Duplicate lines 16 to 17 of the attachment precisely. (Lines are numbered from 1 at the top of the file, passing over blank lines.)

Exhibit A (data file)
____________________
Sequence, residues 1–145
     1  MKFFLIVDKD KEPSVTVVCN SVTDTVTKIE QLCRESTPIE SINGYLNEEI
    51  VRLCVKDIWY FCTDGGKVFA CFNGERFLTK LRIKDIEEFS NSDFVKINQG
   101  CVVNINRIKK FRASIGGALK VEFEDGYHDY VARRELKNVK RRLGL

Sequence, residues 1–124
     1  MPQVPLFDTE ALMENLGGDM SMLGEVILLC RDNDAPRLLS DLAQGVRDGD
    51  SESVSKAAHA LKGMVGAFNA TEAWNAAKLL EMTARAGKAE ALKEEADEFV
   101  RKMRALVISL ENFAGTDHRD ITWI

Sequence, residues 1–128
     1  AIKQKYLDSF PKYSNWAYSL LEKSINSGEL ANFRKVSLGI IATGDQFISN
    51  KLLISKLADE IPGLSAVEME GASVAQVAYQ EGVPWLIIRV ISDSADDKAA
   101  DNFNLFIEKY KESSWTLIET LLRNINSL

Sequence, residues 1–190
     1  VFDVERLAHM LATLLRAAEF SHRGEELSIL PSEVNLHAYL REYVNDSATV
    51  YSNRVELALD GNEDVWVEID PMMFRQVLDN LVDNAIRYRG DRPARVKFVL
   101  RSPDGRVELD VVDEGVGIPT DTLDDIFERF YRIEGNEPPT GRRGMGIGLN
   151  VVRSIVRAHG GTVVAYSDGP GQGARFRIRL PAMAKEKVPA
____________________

   101  RSPDGRVELD VVDEGVGIPT DTLDDIFERF YRIEGNEPPT GRRGMGIGLN
   151  VVRSIVRAHG GTVVAYSDGP GQGARFRIRL PAMAKEKVPA